SOCORRO, N.M. October 29, 2012 – The top minds in commercial space research programs will meet in Socorro for the second annual meeting of the Center of Excellence for Commercial Space Transportation under the Federal Aviation Administration.
University researchers, private companies and federal officials will hold a conference on campus, including a poster session, invited talks, and tours. New Mexico Tech was invited to join the Centers of Excellence in 2010 due to Tech’s facilities, research opportunities and curriculum in aerospace, astrophysics and mechanical engineering.
“This gives us a chance to show our colleagues and the FAA what capabilities exist in Socorro that can support commercial space,” Vice President of Research Dr. Van Romero said. “The future of commercial space is very bright and this is a great opportunity for students to get in on the ground floor of this expanding economic boom to New Mexico.”
Since 1990, the FAA has created nine different Centers of Excellence, with Commercial Space Travel being the latest, newest focus. Ken Davidian, the Director of Research for the FAA Office of Commercial Space Transportation, said these annual conferences are important for researchers to network, share ideas.
“For us as a new entity, it is useful to get together and get to know each other,” Davidian said. “We’ve come a long way since late 2010 and, in large part, that’s due to being able to get together and discuss how things are going.”
Davidian said the main purpose of the Center of Excellence is to promote world-class research, meet the needs of the commercial space industry and help satisfy the FAA’s regulatory and safety goals.
“However, the underlying theme is to develop tomorrow’s space industry leaders and researchers,” he said. “Student involvement is the whole point – to encourage more students to go into science, technology, engineering and math curricula.”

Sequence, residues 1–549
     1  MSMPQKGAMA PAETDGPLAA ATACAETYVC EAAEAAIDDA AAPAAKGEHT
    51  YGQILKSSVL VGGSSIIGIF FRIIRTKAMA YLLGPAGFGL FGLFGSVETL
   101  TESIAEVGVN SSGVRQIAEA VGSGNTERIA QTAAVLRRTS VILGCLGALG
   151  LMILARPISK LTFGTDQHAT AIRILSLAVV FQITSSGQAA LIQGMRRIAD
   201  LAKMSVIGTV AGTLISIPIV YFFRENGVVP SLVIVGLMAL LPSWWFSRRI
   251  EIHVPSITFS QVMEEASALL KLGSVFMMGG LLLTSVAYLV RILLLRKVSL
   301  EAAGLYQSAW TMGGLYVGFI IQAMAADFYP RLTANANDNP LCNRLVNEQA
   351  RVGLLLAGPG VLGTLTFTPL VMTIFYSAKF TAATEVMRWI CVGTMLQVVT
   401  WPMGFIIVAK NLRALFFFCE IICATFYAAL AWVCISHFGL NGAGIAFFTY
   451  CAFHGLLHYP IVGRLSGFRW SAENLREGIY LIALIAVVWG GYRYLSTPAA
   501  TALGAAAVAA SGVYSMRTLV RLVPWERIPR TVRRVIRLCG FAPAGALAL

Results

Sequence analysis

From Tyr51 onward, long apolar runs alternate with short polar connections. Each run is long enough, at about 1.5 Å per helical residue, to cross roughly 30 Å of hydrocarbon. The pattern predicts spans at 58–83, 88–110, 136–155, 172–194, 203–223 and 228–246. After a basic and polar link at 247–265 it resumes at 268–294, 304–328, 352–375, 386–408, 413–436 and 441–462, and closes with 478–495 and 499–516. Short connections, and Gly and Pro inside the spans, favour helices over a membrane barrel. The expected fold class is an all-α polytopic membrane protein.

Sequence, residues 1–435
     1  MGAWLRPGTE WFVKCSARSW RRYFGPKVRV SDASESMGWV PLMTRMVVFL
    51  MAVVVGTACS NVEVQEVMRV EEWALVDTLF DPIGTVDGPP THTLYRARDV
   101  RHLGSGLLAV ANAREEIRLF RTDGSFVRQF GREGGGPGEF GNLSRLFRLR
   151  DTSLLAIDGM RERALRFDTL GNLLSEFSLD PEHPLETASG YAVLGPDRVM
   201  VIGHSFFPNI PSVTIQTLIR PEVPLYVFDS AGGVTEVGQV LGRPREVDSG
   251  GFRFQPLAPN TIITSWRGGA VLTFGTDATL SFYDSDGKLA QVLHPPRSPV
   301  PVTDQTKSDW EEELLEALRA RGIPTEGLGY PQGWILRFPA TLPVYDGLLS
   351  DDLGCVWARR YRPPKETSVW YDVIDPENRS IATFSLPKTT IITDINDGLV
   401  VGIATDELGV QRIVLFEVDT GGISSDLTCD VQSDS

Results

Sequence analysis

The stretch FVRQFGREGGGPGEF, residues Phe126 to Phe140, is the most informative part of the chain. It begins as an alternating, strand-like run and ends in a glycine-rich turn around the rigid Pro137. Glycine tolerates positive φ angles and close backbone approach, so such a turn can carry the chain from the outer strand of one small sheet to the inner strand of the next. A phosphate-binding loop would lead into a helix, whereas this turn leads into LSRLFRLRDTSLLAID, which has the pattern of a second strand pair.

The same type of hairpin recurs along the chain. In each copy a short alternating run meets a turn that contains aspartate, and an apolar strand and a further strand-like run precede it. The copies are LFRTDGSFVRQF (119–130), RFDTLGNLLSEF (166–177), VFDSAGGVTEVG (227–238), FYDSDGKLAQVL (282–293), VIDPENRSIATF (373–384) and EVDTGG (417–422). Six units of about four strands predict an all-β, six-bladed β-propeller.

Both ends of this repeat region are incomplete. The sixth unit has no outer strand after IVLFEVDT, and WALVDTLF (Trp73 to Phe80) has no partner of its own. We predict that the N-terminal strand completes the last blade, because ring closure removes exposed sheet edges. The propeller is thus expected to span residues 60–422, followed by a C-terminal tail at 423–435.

Tuesday is considered “Day 0” of the conference, with a tour of Spaceport America and a student poster session in the evening.
After the Wednesday morning overview session, the research workshops deal with topics of space traffic management, transportation operations and payloads, human spaceflight research, and industry viability.
New Mexico and its universities have carved out a niche within the commercial space industry, Davidian said.
“California, Colorado, Texas and Florida are the top civil space states in the country – as far as jobs and infrastructure,” he said. “New Mexico is unique for suborbital commercial space flight and there’s a lot of work that NM universities are doing for the military programs.”
New Mexico Tech specifically has much to offer the commercial space industry, as well, he said. He said Tech can contribute significantly in areas of energetic materials testing at EMRTC, lightning safety research at Langmuir Lab, object tracking at the Magdalena Ridge Observatory and lab work on designing new sensor technology.
“We have unique research capabilities in engineering, astrophysics and astronomy, and test capabilities at EMRTC,” said Dr. Warren Ostergren, chair of the Mechanical Engineering Department at Tech. “We are uniquely positioned to support research in this area.”
Ostergren said the annual conference provides an opportunity for the university researchers to share their work with colleagues and engage students.
Davidian said, “The interaction between the people generates innovation and great ideas. That helps disseminate the innovations from one university to another. It may sound cliché – but it’s all about the people.”
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By Thomas Guengerich/New Mexico Tech